Jon Faine, the host of ABC radio's Mornings program in Melbourne, has dropped the N-word live on air on Monday while discussing the recent NFL protests against police brutality in the US.
Faine said the word while talking to a caller who rang in to comment on the protests and US president Donald Trump's recent comments that NFL bosses should fire "any son of a bitch" who bends the knee during the US national anthem.
In response, more NFL players have backed former San Francisco 49ers Quarterback Colin Kaepernick, who began bending his knee in protest in 2016 at the ongoing shootings of unarmed black men, women and children by police.
In the segment, Faine sought to clarify the name of a documentary about African American civil rights hero James Baldwin, after the caller phoned in to comment.
The documentary's title is I Am Not Your Negro.
CALLER: I just wanted to say about the America sports issue, I saw a film on the weekend, 'I Am Not Your Negro', about the civil rights activist, James Baldwin and….
FAINE: [Interrupting] I think it’s actually…is it ‘I’m Not Your Negro?’
CALLER: That’s correct, yes.
FAINE: OK, or is it ‘I’m not your N****r? Which one is it?’
FAINE: It’s Negro, okay, because they’re both words that are completely not used in polite conversation anywhere in North America now.
The clip was tweeted by prominent Australian comedian Aamer Rahman earlier today.
When Wemba Wemba and Gunditjmara woman Paola Balla heard the segment on air this morning she felt “sickened”, as she and her son have been the target of racial slurs. She said she immediately rang the producer of Jon Faine's program.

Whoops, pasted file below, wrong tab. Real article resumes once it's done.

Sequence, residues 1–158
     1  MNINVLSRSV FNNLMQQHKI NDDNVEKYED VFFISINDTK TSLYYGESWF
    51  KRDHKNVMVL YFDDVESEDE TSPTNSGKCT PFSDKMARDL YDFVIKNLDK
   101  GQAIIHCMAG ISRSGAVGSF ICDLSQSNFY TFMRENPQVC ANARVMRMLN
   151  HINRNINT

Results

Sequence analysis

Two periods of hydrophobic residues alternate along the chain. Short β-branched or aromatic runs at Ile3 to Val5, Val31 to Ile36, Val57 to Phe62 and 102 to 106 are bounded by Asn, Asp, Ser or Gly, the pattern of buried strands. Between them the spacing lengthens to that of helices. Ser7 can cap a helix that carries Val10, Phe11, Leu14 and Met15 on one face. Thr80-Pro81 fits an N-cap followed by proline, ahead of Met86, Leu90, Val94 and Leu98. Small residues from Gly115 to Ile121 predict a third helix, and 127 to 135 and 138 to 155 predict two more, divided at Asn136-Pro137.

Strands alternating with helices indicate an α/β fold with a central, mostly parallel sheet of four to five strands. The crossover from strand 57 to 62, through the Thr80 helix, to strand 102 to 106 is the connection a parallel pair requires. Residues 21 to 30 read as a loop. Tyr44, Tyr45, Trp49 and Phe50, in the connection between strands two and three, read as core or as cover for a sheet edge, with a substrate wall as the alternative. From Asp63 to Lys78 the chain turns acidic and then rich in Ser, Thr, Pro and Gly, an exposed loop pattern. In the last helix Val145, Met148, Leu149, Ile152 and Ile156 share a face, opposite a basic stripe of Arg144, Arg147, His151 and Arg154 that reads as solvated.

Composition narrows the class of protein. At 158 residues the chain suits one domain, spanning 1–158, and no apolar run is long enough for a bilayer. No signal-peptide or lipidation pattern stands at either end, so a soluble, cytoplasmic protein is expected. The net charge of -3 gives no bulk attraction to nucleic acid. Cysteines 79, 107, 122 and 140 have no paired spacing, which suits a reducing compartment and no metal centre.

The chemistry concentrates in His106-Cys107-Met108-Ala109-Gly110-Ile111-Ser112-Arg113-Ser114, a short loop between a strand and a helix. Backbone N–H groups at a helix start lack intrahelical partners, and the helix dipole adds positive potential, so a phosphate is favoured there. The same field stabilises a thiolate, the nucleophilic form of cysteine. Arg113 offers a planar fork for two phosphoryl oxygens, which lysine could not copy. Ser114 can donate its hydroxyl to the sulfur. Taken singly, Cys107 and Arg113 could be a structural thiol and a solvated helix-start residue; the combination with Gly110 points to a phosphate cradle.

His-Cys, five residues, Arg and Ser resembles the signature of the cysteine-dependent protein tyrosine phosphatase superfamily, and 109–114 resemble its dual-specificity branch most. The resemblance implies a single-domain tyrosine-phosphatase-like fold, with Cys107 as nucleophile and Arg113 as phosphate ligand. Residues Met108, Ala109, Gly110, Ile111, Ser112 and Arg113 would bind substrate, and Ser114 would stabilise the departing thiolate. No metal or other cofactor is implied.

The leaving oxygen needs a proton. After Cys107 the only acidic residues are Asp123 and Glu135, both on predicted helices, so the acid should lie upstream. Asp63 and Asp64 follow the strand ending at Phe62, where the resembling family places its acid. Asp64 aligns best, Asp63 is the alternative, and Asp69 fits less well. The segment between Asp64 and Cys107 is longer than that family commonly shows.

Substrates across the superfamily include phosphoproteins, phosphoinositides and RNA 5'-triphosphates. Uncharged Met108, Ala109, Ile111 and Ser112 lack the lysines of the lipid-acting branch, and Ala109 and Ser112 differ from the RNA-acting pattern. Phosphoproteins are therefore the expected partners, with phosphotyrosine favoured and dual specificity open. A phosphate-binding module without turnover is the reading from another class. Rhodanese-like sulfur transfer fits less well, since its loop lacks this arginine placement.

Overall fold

“I felt sick in the stomach," she told BuzzFeed News. "It was like a stabbing pain because I was called that in primary school. When I heard it on radio it had the same impact. It’s just utter disgust.
“It is absolutely the worst thing for him to think it was OK to ponder it out loud, live on air, where you have two white men talking about the black experience of racism. I know our mob are dealing with a lot at the moment, but this is all tied in.
“It’s the callous thoughtlessness that is shown towards our people and people of colour. It all comes from the same mindset.”
It follows a recent controversy over another ABC host's use of the derogatory word. In May this year, ABC Radio National presenter Michael Cathcart used the N-word twice during a conversation with prize-winning African American author Paul Beatty about his novel The Sellout.
Catchart was referencing Beatty's main character in the Man Booker-winning novel, who refers to himself as a "N***** whisperer".
“What the dickens is a N***** whisperer?” he said.
“Somebody else asked me this,” Beatty said.
“Only in Australia has this question come up twice, actually.”
The interview, conducted at the Sydney Writers' Festival, was later broadcast on Radio National's Books and Arts program, with a warning that it contained language "that most people find offensive".
The LA Times called it a "strangely racial interview", and it was savaged on social media, with Twitter users labelling it "dumb" and "terrible", according to Guardian Australia.
An ABC spokesperson told Buzzfeed News "the use of the ‘n’ word by ABC Melbourne Mornings presenter Jon Faine today was made in the context of clarifying a documentary film title. It was not used gratuitously".
"The ABC acknowledges that the use of this word causes offence and harm and apologises."
Amy McQuire is an Indigenous Affairs Reporter for BuzzFeed and is based in Queensland, Australia.
Contact Amy McQuire at firstname.lastname@example.org.
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